So here on the set in LA, we are camped on the City Hall lawn, and the scriptwriters tell us that if we're nice to the police, they'll be nice to us. When this started, we knew there would be affinity groups and splinter groups, variations on the theme, but we are, well, the 99%. What we weren't told was that a people's Committee on Police Brutality would be summarily shut down in the GA and their personal contact information spread around on a flyer and on the web. Nobody mentioned that the guy who spoke out against the police would be run off. He isn't part of the 1%, but for sure he's not part of the 99%, as we're told to call ourselves. He's not anywhere, really, not anyone.
Race isn't in our script either. Not Black or Brown or Native American or white or Asian. We're the 99%. Not the bottom 40% or the middle 55% or the nearly-the-1% remainder. You had a bad experience with the cops, or your family did, or your school did, or your neighborhood did? Shhh... If we're not nice to the police...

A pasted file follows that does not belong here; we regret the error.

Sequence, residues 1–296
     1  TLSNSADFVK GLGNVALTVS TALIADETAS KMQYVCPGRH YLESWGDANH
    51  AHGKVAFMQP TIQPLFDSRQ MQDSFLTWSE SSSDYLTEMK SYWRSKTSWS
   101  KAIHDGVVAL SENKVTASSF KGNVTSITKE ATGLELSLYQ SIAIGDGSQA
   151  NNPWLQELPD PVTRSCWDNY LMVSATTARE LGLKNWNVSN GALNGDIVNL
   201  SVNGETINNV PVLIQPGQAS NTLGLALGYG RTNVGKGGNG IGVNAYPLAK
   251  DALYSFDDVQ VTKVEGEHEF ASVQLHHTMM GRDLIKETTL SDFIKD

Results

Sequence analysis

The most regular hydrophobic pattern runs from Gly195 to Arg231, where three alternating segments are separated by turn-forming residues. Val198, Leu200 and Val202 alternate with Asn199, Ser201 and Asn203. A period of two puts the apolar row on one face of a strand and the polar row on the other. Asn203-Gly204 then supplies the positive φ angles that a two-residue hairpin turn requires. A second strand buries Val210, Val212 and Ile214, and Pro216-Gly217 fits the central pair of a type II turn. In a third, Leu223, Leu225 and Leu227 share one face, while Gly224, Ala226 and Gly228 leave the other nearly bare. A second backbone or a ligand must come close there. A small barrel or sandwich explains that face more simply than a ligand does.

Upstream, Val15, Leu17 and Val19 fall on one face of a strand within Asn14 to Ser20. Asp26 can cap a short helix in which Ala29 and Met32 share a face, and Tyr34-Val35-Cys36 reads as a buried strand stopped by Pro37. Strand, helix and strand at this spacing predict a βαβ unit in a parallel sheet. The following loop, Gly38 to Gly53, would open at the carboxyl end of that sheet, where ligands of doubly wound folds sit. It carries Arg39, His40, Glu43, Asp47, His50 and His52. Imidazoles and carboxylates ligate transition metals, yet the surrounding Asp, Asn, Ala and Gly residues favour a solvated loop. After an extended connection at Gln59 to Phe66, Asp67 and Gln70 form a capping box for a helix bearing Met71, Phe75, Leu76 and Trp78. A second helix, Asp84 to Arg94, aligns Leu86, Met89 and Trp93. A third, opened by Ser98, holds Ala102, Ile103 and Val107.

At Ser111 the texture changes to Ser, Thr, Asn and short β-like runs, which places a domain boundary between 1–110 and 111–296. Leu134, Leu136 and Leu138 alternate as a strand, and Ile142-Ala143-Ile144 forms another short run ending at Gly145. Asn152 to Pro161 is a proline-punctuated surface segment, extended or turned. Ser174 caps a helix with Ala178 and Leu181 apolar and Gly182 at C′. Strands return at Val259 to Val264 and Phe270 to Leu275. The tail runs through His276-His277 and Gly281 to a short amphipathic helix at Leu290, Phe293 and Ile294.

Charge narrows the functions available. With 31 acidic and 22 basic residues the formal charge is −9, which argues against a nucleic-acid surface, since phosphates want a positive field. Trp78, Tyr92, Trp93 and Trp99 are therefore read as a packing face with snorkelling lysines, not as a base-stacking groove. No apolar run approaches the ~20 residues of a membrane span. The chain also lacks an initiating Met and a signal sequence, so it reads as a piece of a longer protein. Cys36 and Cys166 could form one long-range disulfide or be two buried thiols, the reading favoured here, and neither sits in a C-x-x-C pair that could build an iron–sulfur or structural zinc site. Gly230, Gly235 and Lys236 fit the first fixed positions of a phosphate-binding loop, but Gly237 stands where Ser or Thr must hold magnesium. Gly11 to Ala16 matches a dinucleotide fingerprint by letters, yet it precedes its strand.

We are nonviolent. There's talk about signing some sort of nonviolent pledge (with the suggestion it would please the police). Nonviolence here means avoiding violence at all costs, to challenge nothing, to concede to everything. No confrontation, we will run from physical force with all our soul force. Expect no daisies in gun barrels here. No, there's no plan if the cops swarm. That wouldn't be nice. A plan for bail? Not cool. Definitely not. Civil disobedience training? So not happening here.